Because Orda and his descendants ruled the left division of the Golden Horde, they were called Princes of the left wing (also left hand). Initially it covered the western part of the territory ruled by the Jochids and included western Central Asia and south-western Siberia. The capital of the White Horde was originally at Lake Balkhash, but later moved to Sygnaq, Kazakhstan on the Syr-Darya River.
When Batu Khan sent a large Jochid delegation to Hulagu's campaign in the Middle East, it included a strong contingent under Kuli, a son of Orda. However, suspicious deaths of the latter and other Jochid princes (c.1259) angered the rulers of the Golden Horde. During the Toluid Civil War over succession between Kublai and Ariq Böke from 1260 to 1264, the White Horde elites supported the latter. They also began to support the Ögedeid prince Kaidu because he was supported by the khans such as Berke and Möngke-Temür.
Since 1280, Orda's successor, Konchi or Köchü, had allied with the Yuan Dynasty and the Ilkhanate, in return, they rewarded him. According to Rashid-al-Din Hamadani's account or H. H. Howorth's analysis, Kunchi possessed the territory of Ghazna and Bamiyan under the suzerainty of either the Chagatai Khanate or the Ilkhanate. Kunchi warned the Ilkhan Abagha of the upcoming invasion of Baraq (Chagatai Khan) in 1268. However, when the Borjigin princes, who operated on the Kublai Khan's behalf in Central Asia and later rebelled, fought against each other, they appealed to Kunchi whose response is not clear.
Marco Polo describes the Horde as extremely cold area, saying:
"This king (Köchü) has neither city nor castle; he and his people live always either in the wide plains or among great mountains and valleys. They subsist on the milk and flesh of their cattle, and have no grain. The king has a vast number of people, but he carries on no war with anybody, and his people live in great tranquility. They have enormous numbers of cattle, camels, horses, oxen, sheep, and so forth."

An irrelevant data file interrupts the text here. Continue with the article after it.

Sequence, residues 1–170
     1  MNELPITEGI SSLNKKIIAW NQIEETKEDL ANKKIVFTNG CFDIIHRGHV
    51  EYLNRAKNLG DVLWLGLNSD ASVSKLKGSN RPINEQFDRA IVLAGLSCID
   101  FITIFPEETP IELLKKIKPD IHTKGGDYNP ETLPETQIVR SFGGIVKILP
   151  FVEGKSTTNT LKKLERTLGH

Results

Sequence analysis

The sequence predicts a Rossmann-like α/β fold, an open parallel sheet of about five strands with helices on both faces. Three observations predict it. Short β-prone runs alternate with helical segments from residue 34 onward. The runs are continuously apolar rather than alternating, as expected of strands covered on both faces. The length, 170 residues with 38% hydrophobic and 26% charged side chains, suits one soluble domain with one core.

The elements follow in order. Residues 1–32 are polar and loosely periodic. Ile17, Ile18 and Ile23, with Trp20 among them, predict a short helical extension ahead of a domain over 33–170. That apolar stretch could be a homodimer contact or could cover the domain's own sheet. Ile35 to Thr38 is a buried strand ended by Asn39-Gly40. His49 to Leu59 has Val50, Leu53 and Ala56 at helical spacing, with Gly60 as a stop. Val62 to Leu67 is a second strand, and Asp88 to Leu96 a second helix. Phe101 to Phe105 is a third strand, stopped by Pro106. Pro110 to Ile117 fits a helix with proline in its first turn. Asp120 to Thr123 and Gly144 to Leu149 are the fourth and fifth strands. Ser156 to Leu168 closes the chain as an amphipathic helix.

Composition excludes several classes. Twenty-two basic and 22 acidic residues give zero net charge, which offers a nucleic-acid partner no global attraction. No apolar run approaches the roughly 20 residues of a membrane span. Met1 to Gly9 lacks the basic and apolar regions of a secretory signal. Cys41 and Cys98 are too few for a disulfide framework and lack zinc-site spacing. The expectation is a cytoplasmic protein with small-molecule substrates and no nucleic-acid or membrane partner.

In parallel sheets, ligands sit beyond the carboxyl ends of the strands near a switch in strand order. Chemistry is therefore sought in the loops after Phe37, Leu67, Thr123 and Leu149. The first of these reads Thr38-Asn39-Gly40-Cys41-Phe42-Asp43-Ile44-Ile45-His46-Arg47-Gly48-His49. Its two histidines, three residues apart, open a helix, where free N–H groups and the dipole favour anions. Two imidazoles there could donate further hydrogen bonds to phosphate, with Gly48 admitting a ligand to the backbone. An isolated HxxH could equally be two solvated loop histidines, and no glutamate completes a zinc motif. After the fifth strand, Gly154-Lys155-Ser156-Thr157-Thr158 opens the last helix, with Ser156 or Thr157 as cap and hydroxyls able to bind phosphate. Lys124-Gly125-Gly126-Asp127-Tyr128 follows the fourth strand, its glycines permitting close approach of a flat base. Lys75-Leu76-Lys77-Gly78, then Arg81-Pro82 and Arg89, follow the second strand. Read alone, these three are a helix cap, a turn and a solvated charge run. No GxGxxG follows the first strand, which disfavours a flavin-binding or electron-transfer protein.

In 1299, the Left wing Khan, Bayan, was deposed by his cousin, Kobelek, who took assistance from Kaidu and Duwa. By 1304, Bayan had reoccupied most of his ancestors' lands. His horde began to herd around Syr-Darya, replacing the Shaybanids. Bayan's troops included the Russian and Magyar soldiers.
Their khan, Chimtai, sent his brothers to take the Golden Horde throne during the Blue Horde's period of anarchy, (1359–1380). But they were all murdered before reaching any success. Members from White Horde (sometimes it is confused with the Blue Horde), Khizr, and his son or relative, Arab Shaykh, briefly took the throne of the Golden Horde, using their army.
In 1375, Urus Khan, the eighth khan of the Left wing, became a contested khan of both the Blue Horde and the White Horde. He extruded the members from the House of Khizr. Urus died in 1377, and when his nephew Tokhtamysh wrested control of the White Horde from Urus's son Timur-Malik in 1378, he regained control of the Blue Horde as well. Thus, Toqtamish consolidated the two hordes, becoming the Khan of the Golden Horde.